9 of 9 people found the following review helpful
A novel that will penetrate you and never leave,
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This review is from: The French Lieutenant's Woman (Vintage Classics) (Paperback)
"I do not know. This story I am telling is all imagination... I have disgracefully broken the illusion?"
Many would argue the real main character of this novel; the oblivious young gentleman searcing desperatly for his own identity, or the young woman- the French Lieutenant's Whore, in fact - that he falls in love with.
Both are incorrect. The most prominent character in this tale is Fowles himself. Writing from 1969, Fowles explores the Victorian era through every character he brings to our attention, with emotion that only comes from passionately studying the period. What manner of emotion? It ranges at times from commiseration to downright disdain.
Fowles understand the conventions of typical Victorian romantic novels and brutally exploits them. The is no fallen woman who find redemption in the love of a man. No lovers attempting to overcome their separate classes. This novel understands Dickens and resents every image he made of Victorian England. The novel doesn't hold back, often finding itself delighting in some of lives harsher truths.
The person you obsess and find yourself heart-sick over is often far from the idolised image you paint of them.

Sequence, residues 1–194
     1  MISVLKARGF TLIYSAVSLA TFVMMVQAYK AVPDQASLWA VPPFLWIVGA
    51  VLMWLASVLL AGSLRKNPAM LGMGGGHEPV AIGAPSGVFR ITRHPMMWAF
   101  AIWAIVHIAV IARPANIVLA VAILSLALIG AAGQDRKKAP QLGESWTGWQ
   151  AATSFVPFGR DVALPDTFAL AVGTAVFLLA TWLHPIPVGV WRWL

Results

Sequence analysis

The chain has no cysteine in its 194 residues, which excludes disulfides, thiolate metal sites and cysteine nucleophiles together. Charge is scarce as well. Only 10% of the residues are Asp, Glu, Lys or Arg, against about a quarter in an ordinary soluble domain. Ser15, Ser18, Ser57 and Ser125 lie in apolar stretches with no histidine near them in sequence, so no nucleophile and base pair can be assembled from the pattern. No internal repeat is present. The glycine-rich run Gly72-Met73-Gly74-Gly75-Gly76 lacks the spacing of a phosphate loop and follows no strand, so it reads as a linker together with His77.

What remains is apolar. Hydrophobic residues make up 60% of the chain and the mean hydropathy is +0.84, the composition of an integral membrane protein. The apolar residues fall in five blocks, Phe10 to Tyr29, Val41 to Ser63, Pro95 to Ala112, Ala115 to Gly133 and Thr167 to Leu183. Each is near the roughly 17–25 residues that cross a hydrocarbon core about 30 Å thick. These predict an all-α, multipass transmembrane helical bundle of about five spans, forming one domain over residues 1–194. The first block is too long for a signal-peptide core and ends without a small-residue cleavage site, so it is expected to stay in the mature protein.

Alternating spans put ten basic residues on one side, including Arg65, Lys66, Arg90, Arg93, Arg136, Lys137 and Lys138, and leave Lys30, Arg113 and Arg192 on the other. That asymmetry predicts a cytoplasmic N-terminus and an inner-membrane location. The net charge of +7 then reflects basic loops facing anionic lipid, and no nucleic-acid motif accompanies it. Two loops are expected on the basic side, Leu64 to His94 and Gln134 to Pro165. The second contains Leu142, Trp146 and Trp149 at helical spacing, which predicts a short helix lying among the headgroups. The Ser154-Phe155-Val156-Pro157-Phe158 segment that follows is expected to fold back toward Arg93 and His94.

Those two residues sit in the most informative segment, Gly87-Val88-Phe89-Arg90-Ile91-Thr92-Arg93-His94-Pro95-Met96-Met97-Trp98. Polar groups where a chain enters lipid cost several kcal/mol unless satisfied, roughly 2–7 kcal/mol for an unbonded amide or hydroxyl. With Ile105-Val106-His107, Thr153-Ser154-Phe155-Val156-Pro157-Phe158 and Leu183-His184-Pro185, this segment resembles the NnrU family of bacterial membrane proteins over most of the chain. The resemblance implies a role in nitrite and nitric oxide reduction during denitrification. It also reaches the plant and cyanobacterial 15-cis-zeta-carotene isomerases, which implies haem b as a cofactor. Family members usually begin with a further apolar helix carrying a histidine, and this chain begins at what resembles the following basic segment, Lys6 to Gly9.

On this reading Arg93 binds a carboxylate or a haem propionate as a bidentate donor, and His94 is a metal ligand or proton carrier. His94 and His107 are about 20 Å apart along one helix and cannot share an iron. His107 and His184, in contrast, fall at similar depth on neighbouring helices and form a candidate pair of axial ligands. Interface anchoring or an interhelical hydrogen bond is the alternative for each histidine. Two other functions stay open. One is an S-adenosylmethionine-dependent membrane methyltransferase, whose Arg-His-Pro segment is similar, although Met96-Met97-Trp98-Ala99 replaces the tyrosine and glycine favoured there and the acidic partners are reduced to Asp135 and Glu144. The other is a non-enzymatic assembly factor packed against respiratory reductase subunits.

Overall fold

Some men are haunted by the fact that there are women in the world far more attractive that the one they're with.
And, despite every effort to pretend otherwise, women are capable of cruelty and manipulation that rivals, and even sometimes surpasses, men.
In "The French Lieutenant's Woman", Fowles creates a world impossible not to find yourself lost in lost, without using any of fiction's cheap tricks. In fact, you may find that he'll use them against you, building up your expectations only so he can crush them with a wit that few novelists possess. A lot of criticism aimed at the novel seems to be based on confusion as to what it actually is. Is it a story of two lovers trying to see if they can discover themselves in one-another? An in-depth essay on Victorian values? Or perhaps a lecture on how novelist creates novel?
In my opinion, it's all three of these. And if my conclusion on that matter has made you interested in picking this novel up, I utterly implore you give this novel the chance it has very rightfully earned. .